On the battlefield, a warrior grapples with despair. He's certain his cause is just. A rival family has stolen his family's kingdom, but the price he must pay to regain it is too high. Many of his friends and relatives fight on the side of his rival, and killing his kinsmen would be wrong. So Arjuna lays down his bow and declares he will not fight.
But his charioteer counsels him otherwise, telling him that a person must do his duty no matter how unpleasant it may be. The charioteer is Krishna, an incarnation of the god Vishnu, and his dialogue with Arjuna comprises the 700-verse poem, the "Bhagvad Gita." Krishna's teachings reveal a mixture of practical advice, noble sentiments, a path to self-realization, and for many followers of the Hindu religion, a true historical account of a civil war in ancient India between the Kauravas and Arjuna's people, the Pandavas.
Written between 400 BC and 100 AD, the "Bhagvad Gita" is the best-known chapter of the Mahabharata, an immense Indian epic that is probably the longest poem in all of literature. On the sheer narrative level, the "Bhagvad Gita" bursts at the seams with unexpected plot twists, ethical puzzles, and larger-than-life characters. Too vivid to be confined to the pages of a book, it has been presented in many forms over the centuries, from the shadow-puppet performances of Bali to films, CDs, the theater, and dance.
The ballet interpretation by the Shakti Dance Company strips down the complexity by concentrating on a single theme that runs throughout the text. "It is not an entire "Bhagvad Gita" rendition or delineation verse to verse, nor is it a rendition of the stories of the Mahabharata," explains Viji Prakash, the production's artistic director and founder of the Shakti School of Bharata Natyam. Instead, her ballet concentrates on the concept of injustice, choosing a scene from each of the "Gita"'s 18 chapters that illustrates an example of the oppression of good by evil and setting that particular injustice to spectacular solo and ensemble dance accompanied by traditional Indian music.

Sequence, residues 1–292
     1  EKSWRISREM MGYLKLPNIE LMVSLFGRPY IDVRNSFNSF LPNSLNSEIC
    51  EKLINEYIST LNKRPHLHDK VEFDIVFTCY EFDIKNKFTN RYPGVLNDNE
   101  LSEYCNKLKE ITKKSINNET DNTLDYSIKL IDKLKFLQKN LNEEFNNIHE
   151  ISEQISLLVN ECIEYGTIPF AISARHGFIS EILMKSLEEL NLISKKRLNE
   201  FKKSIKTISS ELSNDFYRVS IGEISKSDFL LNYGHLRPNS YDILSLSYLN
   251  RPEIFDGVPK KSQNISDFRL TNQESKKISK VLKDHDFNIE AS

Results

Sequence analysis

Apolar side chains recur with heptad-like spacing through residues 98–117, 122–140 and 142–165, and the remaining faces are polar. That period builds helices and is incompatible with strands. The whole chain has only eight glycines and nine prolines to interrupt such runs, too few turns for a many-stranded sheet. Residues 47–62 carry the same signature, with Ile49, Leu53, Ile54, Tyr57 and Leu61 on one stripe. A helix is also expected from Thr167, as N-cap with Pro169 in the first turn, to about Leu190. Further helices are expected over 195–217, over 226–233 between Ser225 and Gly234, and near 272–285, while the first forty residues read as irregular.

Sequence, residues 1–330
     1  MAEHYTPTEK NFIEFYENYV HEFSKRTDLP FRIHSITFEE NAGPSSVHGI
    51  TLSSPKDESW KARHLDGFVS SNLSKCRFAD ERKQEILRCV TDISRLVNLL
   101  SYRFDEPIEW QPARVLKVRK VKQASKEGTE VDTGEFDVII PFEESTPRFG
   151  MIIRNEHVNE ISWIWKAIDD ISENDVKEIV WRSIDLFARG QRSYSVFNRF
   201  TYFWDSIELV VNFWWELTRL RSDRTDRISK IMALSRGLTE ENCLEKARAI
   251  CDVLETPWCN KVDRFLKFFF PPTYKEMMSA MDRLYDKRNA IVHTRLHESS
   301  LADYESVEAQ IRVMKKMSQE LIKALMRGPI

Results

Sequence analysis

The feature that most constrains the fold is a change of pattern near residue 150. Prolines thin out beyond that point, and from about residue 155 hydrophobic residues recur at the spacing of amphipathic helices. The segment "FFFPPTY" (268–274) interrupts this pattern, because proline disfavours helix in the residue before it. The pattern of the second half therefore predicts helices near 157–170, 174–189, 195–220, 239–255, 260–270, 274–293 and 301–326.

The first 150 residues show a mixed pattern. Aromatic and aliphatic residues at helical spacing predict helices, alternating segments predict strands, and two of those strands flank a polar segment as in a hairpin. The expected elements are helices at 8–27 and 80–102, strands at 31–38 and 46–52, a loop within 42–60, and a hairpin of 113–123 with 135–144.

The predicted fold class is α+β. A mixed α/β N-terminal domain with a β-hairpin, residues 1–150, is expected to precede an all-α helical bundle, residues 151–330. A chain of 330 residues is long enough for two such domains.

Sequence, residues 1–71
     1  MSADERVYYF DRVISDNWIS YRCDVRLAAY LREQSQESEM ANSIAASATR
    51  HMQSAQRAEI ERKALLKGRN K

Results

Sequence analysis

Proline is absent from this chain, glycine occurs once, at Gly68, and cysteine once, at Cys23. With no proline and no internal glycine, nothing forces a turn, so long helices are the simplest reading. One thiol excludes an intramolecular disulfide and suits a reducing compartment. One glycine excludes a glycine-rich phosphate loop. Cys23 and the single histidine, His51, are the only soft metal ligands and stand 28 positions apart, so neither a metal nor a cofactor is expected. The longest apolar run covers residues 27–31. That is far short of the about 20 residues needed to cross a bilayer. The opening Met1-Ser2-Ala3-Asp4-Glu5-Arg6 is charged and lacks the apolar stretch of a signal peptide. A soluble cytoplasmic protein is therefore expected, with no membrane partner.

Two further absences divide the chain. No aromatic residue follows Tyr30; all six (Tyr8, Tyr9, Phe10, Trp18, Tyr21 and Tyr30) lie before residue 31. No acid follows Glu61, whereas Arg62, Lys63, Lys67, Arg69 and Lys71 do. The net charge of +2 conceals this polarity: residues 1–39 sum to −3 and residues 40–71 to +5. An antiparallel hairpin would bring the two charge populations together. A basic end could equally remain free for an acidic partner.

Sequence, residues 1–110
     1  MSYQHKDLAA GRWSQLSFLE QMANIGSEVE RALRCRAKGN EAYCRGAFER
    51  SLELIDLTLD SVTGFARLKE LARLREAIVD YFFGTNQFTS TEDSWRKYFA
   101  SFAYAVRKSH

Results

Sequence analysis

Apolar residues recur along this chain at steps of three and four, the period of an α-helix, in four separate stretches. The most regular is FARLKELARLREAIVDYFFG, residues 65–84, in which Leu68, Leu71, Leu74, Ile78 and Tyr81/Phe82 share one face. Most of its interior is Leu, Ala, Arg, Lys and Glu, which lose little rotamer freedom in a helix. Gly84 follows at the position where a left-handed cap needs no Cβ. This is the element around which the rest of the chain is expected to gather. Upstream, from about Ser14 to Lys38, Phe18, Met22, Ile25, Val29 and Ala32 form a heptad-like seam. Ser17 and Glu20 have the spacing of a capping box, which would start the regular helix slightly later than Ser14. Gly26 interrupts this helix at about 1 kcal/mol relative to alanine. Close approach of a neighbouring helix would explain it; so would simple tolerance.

"Take the plight of Draupadi, the Pandava queen, who was liberated and honored as a woman," Prakash says. In the play, she is hauled before the Karauva court, dramatically disrobed, and insulted. This ancient injustice has parallels in modern times, according to Prakash. "Equality, women's rights, and the emancipation of modern times are nullified in the vulnerability of women as we read about the heinous rapes, abuse, and violence that women undergo each day."
Call the Shakti Dance Company's energetic ballet "Riverdance with aP conscience." Spectacular choreography, stunning costumes, and imaginative stage effects join forces with a mixture of Hindustani and Carnatic musical genres. Precision dancers slap bare feet on the stage with ankle bells ringing and arms swinging the showy South Indian dance style known as Bharata Natyam. "Bharata Natyam interprets life, communicates feelings, explores rhythm, and delineates the essence of bhava [physical being] through facial expressions, through subtle eye movements, intense footwork, and hand gestures," she explains. Sitar legend Ravi Shankar, father of Grammy-winning singer Norah Jones, recently told Prakash, "Of all the dance productions of yours that I have seen, your 'Bhagvad Gita' is the best."